Previous     Incense & Resins     Magic Oils     Essential Oils     Seeds     Herbs     Supplies     Info    Main    Contact     Next

Nigella damascena flowerNigella damascena
Love-in-a-Mist

The name of this plant comes from a legend about the Emperor Frederick I (1125-1190), who drowned in a shallow Turkish river as he was leading a Crusade. According to the story, he was seduced by a water spirit with green hair who drowned him in the hip-deep water. This plant sprang up at the shore and displays the water spirit's hair. I like the contrast between the image of the mighty emperor and the delicate, innocent-looking plant (by the way, the "spikes" are very soft and not sharp). water spiritThis magic herb is also known as bride-in-hair from the Renaissance tradition of a bride going to her wedding with her hair down to signify her virginity (lots of Maiden stuff going on here). We normally think of Venus-ruled plants as aids to love spells and such, but this legend hints at a great feminine power. The alchemist and physician Geber recognized this plant's power when he named it as an ingredient in his red elixir. Some of love-in-a-mist's other common names--jack in prison, love-in-a-tangle, and devil-in-a-bush--show that airy-fairy love spells can be as binding and as powerful as the worst hex or curse. This plant is associated with the sign Libra and with St. Catherine of Alexandria, patron saint of maidens and female students, who spoke to Joan of Arc. St. Catherine is nowadays considered to be a fictional character created by the Church as a counter to the real person of Hypatia of Alexandria (370-416 CE), the great pagan mathematician, astronomer, and philosopher who was murdered by a Christian mob. Although later Christians mythologized her as a saint, she in fact never became a Christian. So we've got a crooked mirror image--a fictional Christian saint who we are told falsely was martyred by pagans, and a real pagan who was actually martyred by Christians and then later depicted by Christians as having been martyred by Egyptian pagans! I think these two stories go well with this plant and how its flower is both set off and caged by the frothy/soft/spikey leaves around it. Consider this plant, then, for works which involve glamours, shapeshifting, and other trickery. St. Catherine is depicted as having been a virgin; Hypatia actually remained one. Once again, we see the Maiden coming through. In the Victorian language of flowers, which better fits with how this plant can be used for love charms, love-in-a-mist means "kiss me" or "you puzzle me."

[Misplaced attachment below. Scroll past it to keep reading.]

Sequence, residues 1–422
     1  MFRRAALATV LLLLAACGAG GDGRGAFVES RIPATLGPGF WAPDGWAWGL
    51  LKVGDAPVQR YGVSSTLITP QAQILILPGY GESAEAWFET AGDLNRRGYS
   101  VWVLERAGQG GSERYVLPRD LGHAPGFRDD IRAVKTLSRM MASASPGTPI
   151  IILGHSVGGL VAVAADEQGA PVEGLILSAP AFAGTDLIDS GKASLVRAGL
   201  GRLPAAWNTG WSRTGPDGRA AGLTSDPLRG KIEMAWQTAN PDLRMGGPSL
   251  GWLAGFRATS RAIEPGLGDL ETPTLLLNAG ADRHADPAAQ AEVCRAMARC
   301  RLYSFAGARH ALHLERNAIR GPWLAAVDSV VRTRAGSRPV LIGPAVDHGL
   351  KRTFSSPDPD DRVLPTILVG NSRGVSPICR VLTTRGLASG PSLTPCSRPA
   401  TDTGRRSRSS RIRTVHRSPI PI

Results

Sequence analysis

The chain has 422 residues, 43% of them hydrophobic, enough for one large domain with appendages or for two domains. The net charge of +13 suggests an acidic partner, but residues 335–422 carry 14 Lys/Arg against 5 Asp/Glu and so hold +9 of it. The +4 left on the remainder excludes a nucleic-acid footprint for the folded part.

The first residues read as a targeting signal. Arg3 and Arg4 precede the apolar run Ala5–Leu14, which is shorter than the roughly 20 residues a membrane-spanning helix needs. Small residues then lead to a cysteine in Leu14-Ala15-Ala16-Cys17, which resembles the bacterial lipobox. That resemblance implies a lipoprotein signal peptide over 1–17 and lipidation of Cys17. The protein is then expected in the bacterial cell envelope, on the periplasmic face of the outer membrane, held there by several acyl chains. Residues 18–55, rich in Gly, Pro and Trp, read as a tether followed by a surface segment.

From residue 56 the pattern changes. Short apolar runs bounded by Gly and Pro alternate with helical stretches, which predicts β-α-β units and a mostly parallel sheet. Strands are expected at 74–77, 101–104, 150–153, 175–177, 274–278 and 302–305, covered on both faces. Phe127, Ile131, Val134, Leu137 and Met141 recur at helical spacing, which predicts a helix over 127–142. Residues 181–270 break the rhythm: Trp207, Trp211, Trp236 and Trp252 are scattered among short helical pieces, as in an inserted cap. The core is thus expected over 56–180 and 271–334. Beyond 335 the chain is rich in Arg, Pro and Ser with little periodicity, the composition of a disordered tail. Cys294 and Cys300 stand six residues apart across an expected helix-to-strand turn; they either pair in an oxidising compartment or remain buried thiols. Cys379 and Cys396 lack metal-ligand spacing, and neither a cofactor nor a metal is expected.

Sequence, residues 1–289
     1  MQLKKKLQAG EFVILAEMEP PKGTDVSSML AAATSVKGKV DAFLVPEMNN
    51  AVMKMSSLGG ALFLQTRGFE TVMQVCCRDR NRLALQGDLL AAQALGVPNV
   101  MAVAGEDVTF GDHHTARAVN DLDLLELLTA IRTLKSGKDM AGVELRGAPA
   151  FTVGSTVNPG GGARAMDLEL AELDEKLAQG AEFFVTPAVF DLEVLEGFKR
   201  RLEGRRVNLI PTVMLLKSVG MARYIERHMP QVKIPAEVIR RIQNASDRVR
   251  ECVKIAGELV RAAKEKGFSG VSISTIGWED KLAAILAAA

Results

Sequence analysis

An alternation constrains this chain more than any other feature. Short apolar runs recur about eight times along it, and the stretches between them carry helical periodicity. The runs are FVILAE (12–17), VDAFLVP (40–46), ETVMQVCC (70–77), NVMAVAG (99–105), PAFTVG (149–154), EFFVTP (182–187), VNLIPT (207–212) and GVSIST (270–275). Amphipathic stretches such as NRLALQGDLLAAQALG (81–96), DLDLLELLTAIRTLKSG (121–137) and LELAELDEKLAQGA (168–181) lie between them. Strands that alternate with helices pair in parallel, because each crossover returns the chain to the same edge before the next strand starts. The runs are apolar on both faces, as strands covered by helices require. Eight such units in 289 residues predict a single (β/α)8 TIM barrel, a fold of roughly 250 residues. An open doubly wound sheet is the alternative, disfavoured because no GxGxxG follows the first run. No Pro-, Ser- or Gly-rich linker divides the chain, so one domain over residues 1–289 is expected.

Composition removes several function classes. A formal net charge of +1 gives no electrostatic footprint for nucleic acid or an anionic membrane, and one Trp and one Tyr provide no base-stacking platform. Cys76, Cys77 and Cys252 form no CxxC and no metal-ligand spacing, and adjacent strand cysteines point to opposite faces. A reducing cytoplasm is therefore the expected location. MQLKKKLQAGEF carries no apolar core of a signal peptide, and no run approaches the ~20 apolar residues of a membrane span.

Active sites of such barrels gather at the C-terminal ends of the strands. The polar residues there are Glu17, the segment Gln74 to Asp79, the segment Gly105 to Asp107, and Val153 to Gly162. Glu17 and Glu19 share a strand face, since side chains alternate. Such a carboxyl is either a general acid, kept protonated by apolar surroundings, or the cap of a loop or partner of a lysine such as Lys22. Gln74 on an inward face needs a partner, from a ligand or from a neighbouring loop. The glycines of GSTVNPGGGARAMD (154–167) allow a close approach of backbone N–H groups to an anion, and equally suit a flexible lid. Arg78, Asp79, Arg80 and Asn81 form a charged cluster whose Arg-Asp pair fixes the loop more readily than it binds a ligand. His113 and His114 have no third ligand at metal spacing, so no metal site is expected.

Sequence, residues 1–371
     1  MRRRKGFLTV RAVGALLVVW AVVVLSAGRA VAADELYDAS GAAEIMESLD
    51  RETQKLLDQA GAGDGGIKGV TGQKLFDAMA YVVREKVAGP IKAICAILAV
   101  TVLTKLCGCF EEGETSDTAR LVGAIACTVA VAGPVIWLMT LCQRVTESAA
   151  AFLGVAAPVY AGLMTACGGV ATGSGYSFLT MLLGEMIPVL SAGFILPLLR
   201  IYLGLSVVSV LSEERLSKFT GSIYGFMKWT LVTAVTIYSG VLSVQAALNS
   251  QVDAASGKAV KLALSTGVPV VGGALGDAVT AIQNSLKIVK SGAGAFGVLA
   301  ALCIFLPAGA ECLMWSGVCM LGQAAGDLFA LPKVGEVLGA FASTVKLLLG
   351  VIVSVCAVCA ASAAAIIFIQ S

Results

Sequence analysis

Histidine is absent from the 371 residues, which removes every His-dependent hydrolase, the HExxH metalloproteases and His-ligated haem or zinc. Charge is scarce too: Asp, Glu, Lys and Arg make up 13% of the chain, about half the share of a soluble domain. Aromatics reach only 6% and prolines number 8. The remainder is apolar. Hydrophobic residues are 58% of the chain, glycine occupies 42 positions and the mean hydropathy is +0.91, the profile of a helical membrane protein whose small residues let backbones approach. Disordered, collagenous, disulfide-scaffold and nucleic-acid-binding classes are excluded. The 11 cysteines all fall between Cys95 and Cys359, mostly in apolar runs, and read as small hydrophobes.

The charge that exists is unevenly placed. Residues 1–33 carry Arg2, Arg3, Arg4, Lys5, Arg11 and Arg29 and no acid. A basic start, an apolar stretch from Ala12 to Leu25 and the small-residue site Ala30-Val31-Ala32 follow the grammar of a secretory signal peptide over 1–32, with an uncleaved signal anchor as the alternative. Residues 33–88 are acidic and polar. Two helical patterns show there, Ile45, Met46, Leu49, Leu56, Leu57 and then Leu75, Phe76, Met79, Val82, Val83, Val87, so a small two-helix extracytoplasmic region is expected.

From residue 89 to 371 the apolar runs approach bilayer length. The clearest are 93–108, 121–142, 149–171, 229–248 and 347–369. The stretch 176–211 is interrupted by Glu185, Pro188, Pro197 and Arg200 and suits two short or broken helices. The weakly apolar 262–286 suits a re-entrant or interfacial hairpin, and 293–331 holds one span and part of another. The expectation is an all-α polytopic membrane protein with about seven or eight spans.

Nigella damascena podIn India, the seeds are used as a sachet to keep bugs out of clothing. Rubbing them releases the scent of strawberry jam, which is what its essential oil smells like. The seeds are used in cooking--flavoring for curry and a sprinkle on bread--and supposedly taste like nutmeg but are nowhere near as good as those of its relative, Nigella sativa (black cumin). At one time the seeds were roasted and an ill person breathed in the "fumes" to "drie the braine," and it is mentioned by Dioscorides and Theophrastus for digestive complaints. This native of warm areas of Europe, North Africa, and the Near East was introduced into England in 1570 and since then has become naturalized in various places. Thomas Jefferson grew love-in-a-mist in his garden. It was later popularized by gardener Gertrude Jekyll in her recreations of cottage gardens, and some varieties bear her name. Indeed, it makes good cut flowers, and the pods are nice dried--try them as an addition to wreaths and bouquets for handfasting. Bees enjoy the flowers. This plant looks especially nice planted with silvery companions like lavender or lamb's ears. Love-in-a-mist is also known as wild fennel, ragged lady, spiders legs, jack in prison, lady in the green, love entangled, love-in-a-tangle, love-in-a-puzzle, love-in-the-shade, Our Lady In The Shade, devil-in-a-bush, lady in a bower, garden black seed, hair of Venus, black caraway, and Damascus black cumin.

How to grow love-in-a-mist:
Love-in-a-mist bushDirect sow seeds outside as soon as the soil can be worked in spring. When direct sowing, I like to thoroughly work up the soil, breaking up all clods, and gently smooth flat, water, sprinkle on the seeds, lightly cover them with a layer of fine  compost, and then gently firm with the flat of a rake or hoe. You can also direct sow in fall if your winters are not harsh, or you can start inside, but they get a tap root and sometimes such plants can be cranky to transplant. The seeds germinate in 2 weeks at room temperature. Set 6"/15cm apart. Site them in full sun but away from legumes, which love-in-a-mist can hinder. This plant gets 24"/60 cm tall and produces pink, white, mauve, purple, and blue flowers and maroon-striped Cthulhu pods. It self-seeds readily. General growing info

Nigella damascena
Love-in-a-Mist
100 seeds $3.50


View Your Shopping Cart  

 
Uses  in Witchcraft & Magic:

Binding Spells (Love or Hexing)
Glamours
Shapeshifting
Honoring Hypatia
Elemental (Water) Magic
Venus Herb

2007, 2017 Harold A. Roth; No reproduction without permission